Cloud-based business software vendors boast that their solutions are “easy to use” with good reason: their engineers work hard to ensure their app’s user interface is intuitive, accessible, and traversable by even the most non-technical person. This is really important, because in order for new business software to start making a difference to employee productivity and costs, business users need to adopt the technology—and use their tools. If they’re not user-friendly, it’s going to be a challenge to move forward with any transformational agenda! 

In Search of an Intuitive User Interface

“Having a simple, understandable user interface on an application aids user acceptance, and even considerations such as interoperability and security,” according to InformationWeek. In fact, a survey among their community of IT professionals found that 74% of IT managers emphasized the importance of a “simple user interface” when shopping around for a new platform.

As we’ve discussed before, business software users are engaging with incredibly elegant and consumer-friendly apps in their lives outside of the office. Aside from visiting ecommerce sites and social media channels, they’re sending instant messages and streaming digital content from screens and devices of all sizes. These streamlined and largely enjoyable experiences are raising the bar for business apps, putting the onus on software vendors to follow suit.

Thankfully, that’s just what they’re doing. They’re pouring development resources into ensuring their apps’ user experience rises to customer demands and meets expectations. But what does this mean, exactly? There’s no standard definition for “intuitive user interface,” but it’s what everyone (software vendors and customers alike) is aiming for. So what do the users of modern ERP, CRM, BI and other business systems consider “intuitive” and what do they need to be able to easily “do” with their software? With these questions in mind, here’s our take on what it means for an app to have an intuitive user interface:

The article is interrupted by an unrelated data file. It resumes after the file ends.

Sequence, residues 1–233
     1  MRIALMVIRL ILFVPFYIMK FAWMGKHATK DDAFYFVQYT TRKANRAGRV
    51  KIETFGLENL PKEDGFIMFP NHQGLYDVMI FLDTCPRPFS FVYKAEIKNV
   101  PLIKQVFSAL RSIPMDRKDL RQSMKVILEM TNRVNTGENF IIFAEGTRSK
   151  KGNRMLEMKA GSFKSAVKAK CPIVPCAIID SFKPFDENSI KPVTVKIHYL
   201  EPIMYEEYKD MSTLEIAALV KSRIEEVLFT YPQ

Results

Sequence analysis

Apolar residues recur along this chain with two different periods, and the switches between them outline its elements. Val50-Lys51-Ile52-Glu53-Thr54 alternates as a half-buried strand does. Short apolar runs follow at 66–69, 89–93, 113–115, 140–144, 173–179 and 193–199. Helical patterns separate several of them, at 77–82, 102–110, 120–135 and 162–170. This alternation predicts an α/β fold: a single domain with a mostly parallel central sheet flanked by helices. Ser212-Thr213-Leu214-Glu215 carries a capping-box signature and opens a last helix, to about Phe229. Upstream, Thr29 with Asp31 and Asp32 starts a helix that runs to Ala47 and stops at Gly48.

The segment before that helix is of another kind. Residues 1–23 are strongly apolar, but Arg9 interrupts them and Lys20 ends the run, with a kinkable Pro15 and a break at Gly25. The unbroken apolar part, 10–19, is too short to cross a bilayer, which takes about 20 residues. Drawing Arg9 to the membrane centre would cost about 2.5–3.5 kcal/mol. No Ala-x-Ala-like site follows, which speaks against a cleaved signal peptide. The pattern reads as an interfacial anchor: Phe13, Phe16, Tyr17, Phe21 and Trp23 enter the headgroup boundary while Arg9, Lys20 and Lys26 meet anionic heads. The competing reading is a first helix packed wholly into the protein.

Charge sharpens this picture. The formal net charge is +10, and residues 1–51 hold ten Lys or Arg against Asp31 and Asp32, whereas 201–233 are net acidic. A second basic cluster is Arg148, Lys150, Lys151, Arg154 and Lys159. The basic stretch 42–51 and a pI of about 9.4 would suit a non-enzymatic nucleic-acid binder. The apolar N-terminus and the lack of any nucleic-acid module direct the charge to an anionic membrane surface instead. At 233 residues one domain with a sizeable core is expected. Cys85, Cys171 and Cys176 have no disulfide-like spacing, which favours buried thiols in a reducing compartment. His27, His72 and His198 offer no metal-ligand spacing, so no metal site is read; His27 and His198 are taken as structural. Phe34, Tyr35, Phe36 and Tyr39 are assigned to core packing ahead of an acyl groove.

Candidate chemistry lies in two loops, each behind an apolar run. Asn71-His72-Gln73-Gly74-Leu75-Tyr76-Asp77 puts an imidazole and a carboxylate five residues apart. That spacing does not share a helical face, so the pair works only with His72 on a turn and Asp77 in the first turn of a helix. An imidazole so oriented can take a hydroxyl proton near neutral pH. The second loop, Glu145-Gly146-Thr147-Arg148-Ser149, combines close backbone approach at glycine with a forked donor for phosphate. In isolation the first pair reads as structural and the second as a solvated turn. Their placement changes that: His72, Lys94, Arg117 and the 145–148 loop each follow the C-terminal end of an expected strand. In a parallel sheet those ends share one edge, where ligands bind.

It Just Works

To put it simply, an intuitive user interface guides a user through whatever they’re trying to achieve—and it works. They get from point A to B to C without having to ask for help or receive special training. While prior knowledge is helpful, of course, a user doesn’t have to think too hard in order to accomplish tasks using their software tools.

It Delivers What’s Expected

As we suggested, an intuitive experience is one that doesn’t require deep thinking—a person can more or less jump into a screen-based task and know what to do. With business software, users expect the ability to easily view high-level insights and drill-downs with help from tabs and drop-down menus. They expect to customize their dashboard views and reports, and share findings “with the click of a button.” They’ll look for said tabs, menus, and buttons, and navigate accordingly, in orderly steps that make sense to them.

It Provides At-A-Glance Comprehension

Similarly, today’s users expect their business software will use the terms they understand and use in their everyday work-life and present their data in ways they’re accustomed to seeing it (or want to see it). In other words, upon logging into their software and starting to “click around,” company data and the user interface itself is configured for their company or brand and the way they work, offering a consistent look and feel across the entire experience.

It’s Easy to Access

Today, accessibility means software is browser and app-based, and able to be pulled up on any connected computer or device at any time. It also means not having multiple logins (but enough authentication to keep them secure) and the ability to switch from one device to the next to accommodate increasingly mobile workstyles. Another consideration here is that their software will be responsive and deliver immediate results, likely in real-time, so they can access answers “now.”

If you’re ready to treat your organization’s decision-makers with intuitive, easy-to-use software experiences, contact us to learn more.

Additional Resources

Consider the Customer When Implementing New Enterprise Technology

How to Talk With Your Most Change-Resistant Employees About New Technology

A Look Inside the Evolution of the Self-Service BI Trend

8 Things Your C-Suite Users Expect To See In Their Executive Dashboard

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